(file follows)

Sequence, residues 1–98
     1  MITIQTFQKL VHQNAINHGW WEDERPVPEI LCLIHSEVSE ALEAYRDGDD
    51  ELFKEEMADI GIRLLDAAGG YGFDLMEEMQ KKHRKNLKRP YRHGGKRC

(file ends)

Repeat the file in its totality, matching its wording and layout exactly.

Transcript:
Sequence, residues 1–98
     1  MITIQTFQKL VHQNAINHGW WEDERPVPEI LCLIHSEVSE ALEAYRDGDD
    51  ELFKEEMADI GIRLLDAAGG YGFDLMEEMQ KKHRKNLKRP YRHGGKRC